Excerpts from a New York Times article by Annie Murphy Paul:
Do American students have too much homework or too little? Neither, I’d say. We ought to be asking a different question altogether. What should matter to parents and educators is this: How effectively do children’s after-school assignments advance learning?
The quantity of students’ homework is a lot less important than its quality. And evidence suggests that as of now, homework isn’t making the grade.
“Spaced repetition” is one example of the kind of evidence-based techniques that researchers have found have a positive impact on learning. Here’s how it works: instead of concentrating the study of information in single blocks, as many homework assignments currently do, learners encounter the same material in briefer sessions spread over a longer period of time.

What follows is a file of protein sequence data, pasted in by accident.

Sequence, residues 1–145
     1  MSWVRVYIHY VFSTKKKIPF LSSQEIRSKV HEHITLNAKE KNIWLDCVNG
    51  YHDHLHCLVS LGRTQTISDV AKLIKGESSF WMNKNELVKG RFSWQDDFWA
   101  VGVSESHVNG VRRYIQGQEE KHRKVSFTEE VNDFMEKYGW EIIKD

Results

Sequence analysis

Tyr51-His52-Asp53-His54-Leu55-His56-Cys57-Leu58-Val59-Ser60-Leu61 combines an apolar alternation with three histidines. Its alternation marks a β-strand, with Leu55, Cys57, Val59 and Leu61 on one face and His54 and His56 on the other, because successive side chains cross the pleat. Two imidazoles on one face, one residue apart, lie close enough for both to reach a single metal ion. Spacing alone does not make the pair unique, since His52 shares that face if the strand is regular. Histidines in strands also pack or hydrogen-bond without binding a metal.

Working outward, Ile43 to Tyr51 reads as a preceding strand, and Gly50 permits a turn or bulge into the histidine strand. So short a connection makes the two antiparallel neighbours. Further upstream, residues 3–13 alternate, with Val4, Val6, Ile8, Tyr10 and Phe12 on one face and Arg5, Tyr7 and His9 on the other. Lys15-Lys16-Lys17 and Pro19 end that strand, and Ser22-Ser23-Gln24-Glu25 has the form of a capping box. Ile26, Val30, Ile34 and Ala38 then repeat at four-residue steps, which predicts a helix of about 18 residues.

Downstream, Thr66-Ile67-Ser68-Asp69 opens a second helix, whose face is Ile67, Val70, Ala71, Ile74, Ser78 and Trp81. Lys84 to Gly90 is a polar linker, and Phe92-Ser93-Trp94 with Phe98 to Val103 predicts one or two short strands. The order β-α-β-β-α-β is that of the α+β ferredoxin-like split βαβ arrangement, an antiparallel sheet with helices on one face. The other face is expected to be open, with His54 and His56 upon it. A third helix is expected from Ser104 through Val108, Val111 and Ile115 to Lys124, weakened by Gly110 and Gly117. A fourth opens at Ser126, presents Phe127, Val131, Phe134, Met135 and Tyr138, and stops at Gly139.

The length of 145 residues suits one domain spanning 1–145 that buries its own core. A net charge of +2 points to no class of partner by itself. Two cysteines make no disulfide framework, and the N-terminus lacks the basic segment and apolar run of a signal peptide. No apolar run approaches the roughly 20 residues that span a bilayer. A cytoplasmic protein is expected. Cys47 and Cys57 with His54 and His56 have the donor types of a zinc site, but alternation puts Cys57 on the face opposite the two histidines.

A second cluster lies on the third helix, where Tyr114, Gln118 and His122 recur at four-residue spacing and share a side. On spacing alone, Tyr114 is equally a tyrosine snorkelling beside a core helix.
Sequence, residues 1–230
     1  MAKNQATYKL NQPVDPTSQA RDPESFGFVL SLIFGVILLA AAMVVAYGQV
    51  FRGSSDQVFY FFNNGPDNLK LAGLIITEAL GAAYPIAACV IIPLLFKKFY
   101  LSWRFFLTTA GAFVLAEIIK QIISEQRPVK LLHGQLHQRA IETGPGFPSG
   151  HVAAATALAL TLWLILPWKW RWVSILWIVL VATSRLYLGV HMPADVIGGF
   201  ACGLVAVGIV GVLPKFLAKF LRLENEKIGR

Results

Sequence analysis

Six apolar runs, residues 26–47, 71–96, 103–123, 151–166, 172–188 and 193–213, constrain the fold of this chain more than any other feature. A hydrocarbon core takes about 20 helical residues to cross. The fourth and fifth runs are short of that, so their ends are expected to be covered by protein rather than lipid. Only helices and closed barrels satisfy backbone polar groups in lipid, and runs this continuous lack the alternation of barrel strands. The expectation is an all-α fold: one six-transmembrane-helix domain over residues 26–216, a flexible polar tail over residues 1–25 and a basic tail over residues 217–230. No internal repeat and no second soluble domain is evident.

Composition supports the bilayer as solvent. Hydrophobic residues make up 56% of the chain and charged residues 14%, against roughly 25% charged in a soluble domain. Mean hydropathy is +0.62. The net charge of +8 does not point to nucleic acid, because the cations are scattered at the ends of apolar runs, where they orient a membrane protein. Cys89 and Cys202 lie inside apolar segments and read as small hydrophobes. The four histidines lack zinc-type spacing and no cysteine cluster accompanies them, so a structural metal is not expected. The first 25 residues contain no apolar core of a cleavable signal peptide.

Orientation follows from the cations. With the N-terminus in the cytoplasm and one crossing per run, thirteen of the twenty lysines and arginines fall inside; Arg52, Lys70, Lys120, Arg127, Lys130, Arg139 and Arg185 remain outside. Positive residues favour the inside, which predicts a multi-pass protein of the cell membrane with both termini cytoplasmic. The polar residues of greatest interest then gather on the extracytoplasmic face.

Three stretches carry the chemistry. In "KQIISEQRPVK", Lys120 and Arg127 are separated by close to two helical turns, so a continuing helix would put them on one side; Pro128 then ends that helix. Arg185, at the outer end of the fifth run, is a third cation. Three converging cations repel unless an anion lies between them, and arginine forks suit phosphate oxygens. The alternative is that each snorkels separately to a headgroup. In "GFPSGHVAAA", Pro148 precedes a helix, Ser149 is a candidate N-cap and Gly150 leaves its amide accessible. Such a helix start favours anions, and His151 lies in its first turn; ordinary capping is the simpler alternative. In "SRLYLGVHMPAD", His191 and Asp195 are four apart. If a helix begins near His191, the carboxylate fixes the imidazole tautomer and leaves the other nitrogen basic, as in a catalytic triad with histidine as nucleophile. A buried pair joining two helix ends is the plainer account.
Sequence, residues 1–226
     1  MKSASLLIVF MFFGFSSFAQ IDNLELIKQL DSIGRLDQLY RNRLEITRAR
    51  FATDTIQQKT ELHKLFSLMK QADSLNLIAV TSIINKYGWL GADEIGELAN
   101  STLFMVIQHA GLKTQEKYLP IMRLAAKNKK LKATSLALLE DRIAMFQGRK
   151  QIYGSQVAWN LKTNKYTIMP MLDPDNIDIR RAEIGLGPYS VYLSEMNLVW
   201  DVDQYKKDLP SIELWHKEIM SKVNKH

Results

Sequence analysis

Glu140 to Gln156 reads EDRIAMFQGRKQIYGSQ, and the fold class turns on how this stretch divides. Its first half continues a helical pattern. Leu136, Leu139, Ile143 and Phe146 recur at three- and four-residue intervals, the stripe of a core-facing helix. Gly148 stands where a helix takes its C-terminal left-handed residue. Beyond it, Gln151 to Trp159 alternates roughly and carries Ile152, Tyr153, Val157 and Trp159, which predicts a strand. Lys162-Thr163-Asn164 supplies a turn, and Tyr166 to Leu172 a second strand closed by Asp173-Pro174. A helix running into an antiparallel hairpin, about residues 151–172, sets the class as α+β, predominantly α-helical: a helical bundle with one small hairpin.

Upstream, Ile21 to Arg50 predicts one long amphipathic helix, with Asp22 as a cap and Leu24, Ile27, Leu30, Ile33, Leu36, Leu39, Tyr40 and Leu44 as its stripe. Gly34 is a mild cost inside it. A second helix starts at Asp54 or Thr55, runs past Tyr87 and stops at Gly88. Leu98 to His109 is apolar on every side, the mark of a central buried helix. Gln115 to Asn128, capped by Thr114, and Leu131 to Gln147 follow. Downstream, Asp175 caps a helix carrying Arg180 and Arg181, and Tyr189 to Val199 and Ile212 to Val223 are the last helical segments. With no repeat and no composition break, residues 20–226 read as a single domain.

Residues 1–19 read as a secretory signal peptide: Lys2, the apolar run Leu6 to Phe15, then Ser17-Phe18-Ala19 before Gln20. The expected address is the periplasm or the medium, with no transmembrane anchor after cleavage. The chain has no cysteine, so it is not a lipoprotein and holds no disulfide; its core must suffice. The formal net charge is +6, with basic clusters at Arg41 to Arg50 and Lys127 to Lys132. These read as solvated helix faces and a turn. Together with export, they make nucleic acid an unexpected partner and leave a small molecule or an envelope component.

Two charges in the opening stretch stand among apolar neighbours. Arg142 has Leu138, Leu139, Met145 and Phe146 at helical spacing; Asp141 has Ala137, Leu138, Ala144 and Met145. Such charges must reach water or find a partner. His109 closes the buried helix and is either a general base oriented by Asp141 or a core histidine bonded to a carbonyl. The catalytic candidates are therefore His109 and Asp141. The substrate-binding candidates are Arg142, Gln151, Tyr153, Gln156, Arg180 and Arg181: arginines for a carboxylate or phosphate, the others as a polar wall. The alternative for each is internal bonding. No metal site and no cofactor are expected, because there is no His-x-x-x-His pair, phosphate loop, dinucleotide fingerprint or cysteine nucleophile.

A second learning technique, known as “retrieval practice,” employs a familiar tool — the test — in a new way: not to assess what students know, but to reinforce it.
Another common misconception about how we learn holds that if information feels easy to absorb, we’ve learned it well. In fact, the opposite is true. When we work hard to understand information, we recall it better; the extra effort signals the brain that this knowledge is worth keeping.